Seal Hunt Diaries: The Days Before

Seal_hunt_1 Several of my colleagues are currently in Canada monitoring the dismal ice conditions and awaiting the inevitable, gruesome seal hunt. Everything you could possibly want to know about the Canadian seal hunt is on WWW.STOPTHESEALHUNT.COM. The IFAW team on site now is feeding information onto this site, so check it out!

Internally, we have been receiving updates from Katie McConnell, IFAW’s Communications Officer. Since arriving on scene she has been keeping us abreast of the latest; ice conditions, transport, hunt start date, etc.

In these days leading up to the recently postponed seal hunt, the IFAW team has been witnessing the effects of global warming: minimal amounts of ice for seals to land and give birth. As the team awaits word of when the seal hunt will actually begin, the images of seals struggling to find solid ice are daunting. Not only is their survival threatened by the hunt itself, they are now facing another obstacle: global warming. 

Update#1: Just a quick update from Charlottetown. As of today, both the helicopter and the plane have landed safely. They were delayed yesterday due to inclement weather. Sheryl Fink (Canada office) and Jeff Beausang arrived today and Jeff helped to get the Hunt Watch office up and running. We will be having a meeting this evening to determine our plans for the next few days. Unfortunately, no new updates with regards to the hunt start date.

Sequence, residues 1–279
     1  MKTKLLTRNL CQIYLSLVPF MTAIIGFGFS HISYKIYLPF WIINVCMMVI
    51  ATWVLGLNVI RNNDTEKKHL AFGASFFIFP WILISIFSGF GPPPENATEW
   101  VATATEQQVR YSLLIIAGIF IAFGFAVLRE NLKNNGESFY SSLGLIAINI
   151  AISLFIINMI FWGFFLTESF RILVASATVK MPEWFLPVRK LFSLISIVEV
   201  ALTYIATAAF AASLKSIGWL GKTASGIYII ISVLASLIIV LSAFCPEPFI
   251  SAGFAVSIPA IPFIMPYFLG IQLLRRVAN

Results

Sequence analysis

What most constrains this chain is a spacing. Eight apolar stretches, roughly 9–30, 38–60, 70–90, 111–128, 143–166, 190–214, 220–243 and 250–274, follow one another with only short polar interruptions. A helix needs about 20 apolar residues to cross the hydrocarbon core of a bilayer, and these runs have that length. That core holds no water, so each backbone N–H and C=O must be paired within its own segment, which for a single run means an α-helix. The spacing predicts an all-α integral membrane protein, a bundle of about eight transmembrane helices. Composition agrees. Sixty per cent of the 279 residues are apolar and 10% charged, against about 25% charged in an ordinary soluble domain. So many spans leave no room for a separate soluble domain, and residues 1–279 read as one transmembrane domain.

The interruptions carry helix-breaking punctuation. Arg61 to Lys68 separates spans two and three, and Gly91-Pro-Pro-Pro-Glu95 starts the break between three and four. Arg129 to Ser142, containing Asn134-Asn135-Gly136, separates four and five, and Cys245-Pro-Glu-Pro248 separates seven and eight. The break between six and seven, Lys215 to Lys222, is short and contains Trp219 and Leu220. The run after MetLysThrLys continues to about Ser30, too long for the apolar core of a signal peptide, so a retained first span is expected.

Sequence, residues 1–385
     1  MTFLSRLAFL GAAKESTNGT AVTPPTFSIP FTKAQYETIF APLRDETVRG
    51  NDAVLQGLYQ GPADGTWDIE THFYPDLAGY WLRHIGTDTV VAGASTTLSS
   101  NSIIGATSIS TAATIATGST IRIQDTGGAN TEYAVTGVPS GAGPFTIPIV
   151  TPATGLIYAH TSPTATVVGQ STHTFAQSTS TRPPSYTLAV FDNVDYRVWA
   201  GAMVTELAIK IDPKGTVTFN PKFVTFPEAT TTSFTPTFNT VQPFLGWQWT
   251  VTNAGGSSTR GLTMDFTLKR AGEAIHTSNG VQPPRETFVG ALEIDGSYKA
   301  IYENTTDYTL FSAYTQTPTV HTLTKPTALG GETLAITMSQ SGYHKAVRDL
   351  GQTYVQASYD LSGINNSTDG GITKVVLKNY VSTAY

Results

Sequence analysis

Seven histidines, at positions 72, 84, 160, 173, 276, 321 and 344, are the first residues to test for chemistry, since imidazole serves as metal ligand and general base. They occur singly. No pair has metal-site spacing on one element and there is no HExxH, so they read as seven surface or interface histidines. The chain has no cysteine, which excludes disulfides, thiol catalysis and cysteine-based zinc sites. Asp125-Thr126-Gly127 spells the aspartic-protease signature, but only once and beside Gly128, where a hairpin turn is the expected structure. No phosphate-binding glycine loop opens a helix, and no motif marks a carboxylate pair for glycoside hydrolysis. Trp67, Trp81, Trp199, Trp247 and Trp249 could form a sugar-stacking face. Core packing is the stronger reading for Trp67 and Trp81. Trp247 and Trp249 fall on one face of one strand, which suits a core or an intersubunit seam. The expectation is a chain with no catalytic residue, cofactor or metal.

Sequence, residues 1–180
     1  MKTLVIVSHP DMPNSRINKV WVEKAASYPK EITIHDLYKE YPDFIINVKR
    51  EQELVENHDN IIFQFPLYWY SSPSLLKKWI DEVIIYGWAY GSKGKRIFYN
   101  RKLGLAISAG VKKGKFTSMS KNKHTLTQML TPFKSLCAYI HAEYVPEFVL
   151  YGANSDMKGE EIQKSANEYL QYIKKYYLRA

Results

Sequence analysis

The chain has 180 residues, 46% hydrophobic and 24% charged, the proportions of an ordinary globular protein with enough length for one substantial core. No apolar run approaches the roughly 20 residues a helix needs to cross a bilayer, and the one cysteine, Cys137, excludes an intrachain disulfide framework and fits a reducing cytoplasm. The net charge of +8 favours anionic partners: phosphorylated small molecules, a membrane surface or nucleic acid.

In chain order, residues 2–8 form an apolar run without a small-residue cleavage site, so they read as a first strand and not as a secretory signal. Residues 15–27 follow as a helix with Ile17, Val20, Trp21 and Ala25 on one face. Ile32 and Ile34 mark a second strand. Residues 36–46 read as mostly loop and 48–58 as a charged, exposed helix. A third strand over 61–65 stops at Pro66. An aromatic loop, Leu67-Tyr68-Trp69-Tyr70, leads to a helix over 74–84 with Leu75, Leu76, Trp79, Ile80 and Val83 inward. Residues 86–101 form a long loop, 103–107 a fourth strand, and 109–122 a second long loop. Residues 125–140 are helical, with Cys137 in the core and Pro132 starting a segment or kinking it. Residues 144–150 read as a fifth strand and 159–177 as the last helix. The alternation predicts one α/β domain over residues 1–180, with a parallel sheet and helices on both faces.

Seal_hunt_2 Update #2: News from Charlottetown: the plane and the helicopter took flight today to check on ice conditions and to look for seals. There is next to no ice and lots of open water around the Magdalene Islands today, however the helicopter crew spotted around 100 hooded seals -- some were mothers with bluebacks -- tucked in close to the western side of the Magdalene Islands. Flights to the northeast revealed a smaller than usual herd of harps that were widely dispersed. Only one whitecoat was spotted throughout the entire trip. Once again, no new news with regards to the hunt start date. The team will meet again tonight to go over conditions and webcam test footage. Spotting flights are scheduled again for tomorrow.

Update #3: The team headed out today east of Cape Breton to spot some seals. Conditions were similar to yesterday, poor ice and lots of open water. We did find some seals but we saw no more than 4 or 5 beaters, a few more ragged jackets and whitecoats (maybe 20) and adults maybe 30. We also saw a newborn hooded seal and a handful of other adult hooded seals. Stewart Cook captured still shots of whitecoats, ragged jackets and beaters struggling in the loose ice. The webcam also got some footage that can be used on the web -- more of the rolling slushy ice with stranded seals. Tomorrow the helicopter will be dispatched to gain more stills and footage. Still no new news on the hunt start date. Grrrrr.

Update #4: Here is a press release on the current conditions in the Gulf of St. Lawrence.

Update #5: Yesterday the helicopter headed off to Cabot Strait near cape Breton. The team spotted around 30 whitecoats, no beaters, no adults and not much ice. Today, we're having a late start due to poor weather conditions/freezing rain, but flights are expected to take place this afternoon. The helicopter will return to the same general area to get more footage and the fixed wing will go to coordinates further east so that we are able to get a handle on how many seals are out there.

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